It’s a wonderful feeling to bite into a lasagne – and know that it’s gluten-free and dairy-free! This is a vegetarian one made with earthy sweet spinach and pine nuts, with a nutmeg-flavoured cheese sauce and a layer of dairy-free pesto to add zing. Packed with nutrition from the antioxidant-, calcium-, magnesium- and iron-packed spinach and the pine nuts, this is comfort food at its very best.
gluten-free, dairy-free, egg-free, nut-free, citrus-free
Serves 4–6 Preparation time 5 minutes Cooking time
- 50g/1¾oz/⅓ cup pine nuts
- 500g/1lb 2oz baby spinach leaves
- 100g/3½oz dairy-free soya cheese, grated
- 8–12 no-pre-cook gluten-free lasagne sheets
- a few basil leaves, torn, to serve
- sea salt and freshly ground black pepper
- 250ml/9fl oz/1 cup dairy-free soya milk
- 1 onion, finely chopped
- 2 bay leaves
- 85g/3oz dairy-free margarine
- 60g/2¼oz/⅓ cup rice flour
- 30g/1oz/⅓ cup gram flour
- 30g/1oz/scant ⅓ cup maize flour
- 1l/35fl oz/4 cups gluten-free and dairy-free vegetable stock
- ¼ tsp freshly grated nutmeg
- 300g/10½oz dairy-free soya cheese, grated
- 30g/1oz basil leaves
- 1 heaped tbsp pine nuts
- 1 garlic clove, crushed
- 25g/1oz dairy-free cheese
- To make the cheese sauce, put the soya milk, onion and bay leaves into a saucepan and bring to the boil over a high heat. Turn the heat down, cover with a lid and simmer for 5 minutes. Remove from the heat and leave to infuse for 20 minutes.
- Meanwhile, make the pesto. Heat a large heavy-based frying pan over a medium heat. Add the pine nuts for the pesto and dry-fry until just starting to turn golden. Remove from the heat, remove the pine nuts and divide and leave to one side. (This is made without any oil, because it would be too oily for the lasagne with oil.) Wash the basil and pat dry in a clean kitchen towel. Put the ingredients into a mini-food processor and blend until a paste forms.
- Melt the dairy-free margarine in a large heavy-based saucepan over a low heat. Stir in the flours and gradually stir in the infused milk mixture and then the vegetable stock, stirring all the time. Bring to the boil and stir as it thickens. If it goes lumpy, beat with a whisk until smooth. One the sauce has boiled, stir in the dairy-free cheese, turn the heat down and leave to simmer gently for about 10 minutes, stirring frequently. If needed, stir in another 125ml/4fl oz/½ cup stock to make a smooth sauce that is fairly thick but runny. Season lightly with salt and pepper.
- Wash the spinach thoroughly and put in the frying pan. Cook over a medium heat for 2–3 minutes until the spinach has wilted, stirring occasionally. Put the spinach into a fine sieve and push all the juice out of the leaves with the back of a spoon. Drain the liquid from the pan and return the spinach to the pan. Add the pine nuts and the soya cheese. Season lightly with salt and pepper and mix together.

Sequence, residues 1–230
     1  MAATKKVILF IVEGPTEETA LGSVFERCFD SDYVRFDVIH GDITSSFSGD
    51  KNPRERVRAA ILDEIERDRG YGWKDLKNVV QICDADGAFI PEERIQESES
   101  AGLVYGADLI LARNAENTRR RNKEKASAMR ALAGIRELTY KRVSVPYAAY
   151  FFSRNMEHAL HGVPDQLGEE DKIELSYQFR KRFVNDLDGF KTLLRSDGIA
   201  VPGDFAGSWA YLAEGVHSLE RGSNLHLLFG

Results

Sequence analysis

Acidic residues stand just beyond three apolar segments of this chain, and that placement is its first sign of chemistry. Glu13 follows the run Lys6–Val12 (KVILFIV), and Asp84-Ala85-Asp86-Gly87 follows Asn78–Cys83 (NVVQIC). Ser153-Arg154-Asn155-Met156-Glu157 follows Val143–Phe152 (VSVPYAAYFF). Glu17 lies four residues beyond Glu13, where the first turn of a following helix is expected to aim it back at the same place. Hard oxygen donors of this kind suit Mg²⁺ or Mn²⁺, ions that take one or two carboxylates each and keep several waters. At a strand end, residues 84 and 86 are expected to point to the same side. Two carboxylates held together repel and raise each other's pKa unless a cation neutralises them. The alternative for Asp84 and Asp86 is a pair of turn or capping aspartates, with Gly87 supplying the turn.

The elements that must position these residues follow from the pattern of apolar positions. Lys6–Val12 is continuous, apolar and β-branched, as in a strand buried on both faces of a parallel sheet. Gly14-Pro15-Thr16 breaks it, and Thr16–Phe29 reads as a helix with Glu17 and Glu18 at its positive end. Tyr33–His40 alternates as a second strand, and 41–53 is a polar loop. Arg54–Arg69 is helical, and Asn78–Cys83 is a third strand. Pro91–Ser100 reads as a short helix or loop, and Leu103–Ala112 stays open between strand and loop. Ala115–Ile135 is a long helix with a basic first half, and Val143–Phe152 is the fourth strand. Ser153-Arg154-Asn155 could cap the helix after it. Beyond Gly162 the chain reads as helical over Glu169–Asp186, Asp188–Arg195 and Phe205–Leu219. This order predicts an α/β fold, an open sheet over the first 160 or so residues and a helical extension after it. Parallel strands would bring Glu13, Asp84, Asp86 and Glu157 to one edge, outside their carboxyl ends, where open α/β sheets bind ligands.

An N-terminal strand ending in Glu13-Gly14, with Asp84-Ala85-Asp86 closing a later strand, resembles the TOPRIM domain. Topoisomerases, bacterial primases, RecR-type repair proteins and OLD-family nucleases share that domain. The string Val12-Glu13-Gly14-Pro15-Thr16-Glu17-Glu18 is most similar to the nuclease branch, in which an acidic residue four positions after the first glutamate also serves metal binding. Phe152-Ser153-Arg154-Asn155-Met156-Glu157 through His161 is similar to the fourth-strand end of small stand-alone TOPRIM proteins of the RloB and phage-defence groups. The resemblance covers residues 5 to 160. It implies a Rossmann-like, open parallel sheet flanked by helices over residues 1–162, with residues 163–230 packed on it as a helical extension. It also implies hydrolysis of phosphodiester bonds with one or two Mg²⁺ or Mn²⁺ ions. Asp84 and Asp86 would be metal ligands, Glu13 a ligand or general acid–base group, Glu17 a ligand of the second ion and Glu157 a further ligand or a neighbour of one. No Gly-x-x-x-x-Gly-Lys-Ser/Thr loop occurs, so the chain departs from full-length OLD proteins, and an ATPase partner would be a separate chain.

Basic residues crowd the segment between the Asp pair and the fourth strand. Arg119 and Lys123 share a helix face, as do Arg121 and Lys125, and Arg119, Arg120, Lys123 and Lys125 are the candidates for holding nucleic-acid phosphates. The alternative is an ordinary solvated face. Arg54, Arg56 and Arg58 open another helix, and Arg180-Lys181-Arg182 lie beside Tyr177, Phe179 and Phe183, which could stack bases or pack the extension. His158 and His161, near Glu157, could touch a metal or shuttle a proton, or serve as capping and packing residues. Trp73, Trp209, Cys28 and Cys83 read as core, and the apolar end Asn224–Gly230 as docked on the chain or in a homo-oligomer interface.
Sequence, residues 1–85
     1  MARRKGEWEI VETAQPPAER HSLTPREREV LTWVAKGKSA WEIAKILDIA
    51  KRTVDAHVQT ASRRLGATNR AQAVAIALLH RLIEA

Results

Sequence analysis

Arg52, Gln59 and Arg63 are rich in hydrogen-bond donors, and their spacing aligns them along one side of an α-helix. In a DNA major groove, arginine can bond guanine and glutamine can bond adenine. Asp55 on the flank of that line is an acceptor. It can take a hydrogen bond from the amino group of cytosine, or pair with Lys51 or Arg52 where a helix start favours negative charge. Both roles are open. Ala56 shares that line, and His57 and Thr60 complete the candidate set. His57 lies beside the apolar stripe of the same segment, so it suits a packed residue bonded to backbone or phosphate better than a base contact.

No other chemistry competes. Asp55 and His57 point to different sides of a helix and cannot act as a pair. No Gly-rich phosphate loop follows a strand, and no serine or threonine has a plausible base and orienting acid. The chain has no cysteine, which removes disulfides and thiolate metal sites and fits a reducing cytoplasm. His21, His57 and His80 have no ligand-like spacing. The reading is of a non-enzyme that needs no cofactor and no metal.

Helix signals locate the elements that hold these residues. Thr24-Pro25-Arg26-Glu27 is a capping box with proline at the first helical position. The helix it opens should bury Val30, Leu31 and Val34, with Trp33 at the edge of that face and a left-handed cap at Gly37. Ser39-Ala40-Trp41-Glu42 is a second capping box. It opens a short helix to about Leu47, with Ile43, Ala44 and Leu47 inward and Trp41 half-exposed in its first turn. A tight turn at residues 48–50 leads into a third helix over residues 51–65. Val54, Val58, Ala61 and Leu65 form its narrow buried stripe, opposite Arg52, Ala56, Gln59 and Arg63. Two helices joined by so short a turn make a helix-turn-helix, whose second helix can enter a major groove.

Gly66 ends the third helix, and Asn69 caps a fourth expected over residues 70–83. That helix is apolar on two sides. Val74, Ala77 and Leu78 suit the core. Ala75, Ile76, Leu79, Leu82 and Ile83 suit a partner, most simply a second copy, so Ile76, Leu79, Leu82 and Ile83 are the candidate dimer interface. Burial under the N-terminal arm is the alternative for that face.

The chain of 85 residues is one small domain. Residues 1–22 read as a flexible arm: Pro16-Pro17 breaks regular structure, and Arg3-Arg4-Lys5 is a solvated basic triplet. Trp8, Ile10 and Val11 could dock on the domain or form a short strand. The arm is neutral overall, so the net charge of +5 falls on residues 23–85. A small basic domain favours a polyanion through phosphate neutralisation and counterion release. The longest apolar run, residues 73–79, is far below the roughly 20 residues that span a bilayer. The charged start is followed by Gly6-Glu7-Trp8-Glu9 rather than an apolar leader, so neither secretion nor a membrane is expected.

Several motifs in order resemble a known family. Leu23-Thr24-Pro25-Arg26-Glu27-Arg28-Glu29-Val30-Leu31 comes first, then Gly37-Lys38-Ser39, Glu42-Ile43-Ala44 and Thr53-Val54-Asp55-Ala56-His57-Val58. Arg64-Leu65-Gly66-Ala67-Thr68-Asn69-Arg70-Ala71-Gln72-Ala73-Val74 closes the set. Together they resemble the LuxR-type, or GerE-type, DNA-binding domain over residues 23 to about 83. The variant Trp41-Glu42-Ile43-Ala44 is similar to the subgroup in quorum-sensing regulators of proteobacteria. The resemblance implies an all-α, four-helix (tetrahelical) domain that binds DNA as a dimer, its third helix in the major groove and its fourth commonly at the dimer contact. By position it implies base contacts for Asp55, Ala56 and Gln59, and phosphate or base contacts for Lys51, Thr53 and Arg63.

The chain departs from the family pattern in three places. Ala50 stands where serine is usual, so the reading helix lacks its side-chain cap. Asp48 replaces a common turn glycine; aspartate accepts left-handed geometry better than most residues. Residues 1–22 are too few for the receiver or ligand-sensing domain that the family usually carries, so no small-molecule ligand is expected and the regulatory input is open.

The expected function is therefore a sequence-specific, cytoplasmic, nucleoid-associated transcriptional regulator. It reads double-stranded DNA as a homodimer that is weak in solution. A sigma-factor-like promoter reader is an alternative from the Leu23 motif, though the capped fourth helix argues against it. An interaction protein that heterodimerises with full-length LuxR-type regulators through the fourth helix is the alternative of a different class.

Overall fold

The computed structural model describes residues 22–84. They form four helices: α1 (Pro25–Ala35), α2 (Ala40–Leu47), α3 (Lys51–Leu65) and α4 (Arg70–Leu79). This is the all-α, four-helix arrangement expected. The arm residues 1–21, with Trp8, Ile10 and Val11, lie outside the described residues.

- Preheat the oven to 200°C/400°F/Gas 6. Spread a third of the cheese sauce over the bottom of a large baking dish. The best shape is a square shape, ideally about 23 x 18cm/9 x 7in size, although I’ve used a circular dish in this picture. Put half of the spinach mixture over the top and cover with a layer of 4–6 lasagne sheets, depending on the size of your dish. Spread the pesto over the top. Layer again with the a third of the cheese sauce, the remaining spinach mixture and 4–6 lasagne sheets. Cover with the remaining cheese sauce, making sure that the cheese sauce covers everything on top.
- Bake for 50–60 minutes, depending on the type of lasagne sheets used, until the cheese sauce is golden brown and the pasta is soft. Sprinkle with basil and serve hot.
Here’s another fantastic recipe from Christine Bailey’s The Top 100 Baby Foods, full of delicious tastes. And it features buckwheat which is a brilliantly useful gluten-free grain (it’s not related to wheat, despite its name). It’s full of B vitamins, calcium, iron, magnesium and zinc, and it’s a low-GI grain that helps keep blood sugar levels steady. With a lovely firm texture when cooked and a nutty taste, you can add it to stir-frys, stews and soups, or add some extra ingredients and use it like rice or couscous.
When you’re starting your baby on food, it’s good to introduce gluten later on in the weaning process because it is harder for little babies to digest and process. So buckwheat is great for the early stages. Once you’re past the first stage of weaning, this is a lovely recipe for babies. (Use olive oil instead of the sesame oil, though, and leave out the sesame seeds, if there’s any possibility of allergy.) Pork is an ideal protein for your baby. It’s naturally low in fat, and a great source of B vitamins that help with the development of your baby’s nervous system, as well as promoting hormonal balance and the production of brain neurotransmitters. And here you’re also adding beta-carotene-rich red pepper and antioxidant-filled spinach, too. Feeding your baby can be very daunting but this nutrient-rich recipe makes it easy. Whizz it into a puree for your baby, or eat it yourselves – you’ll all love it!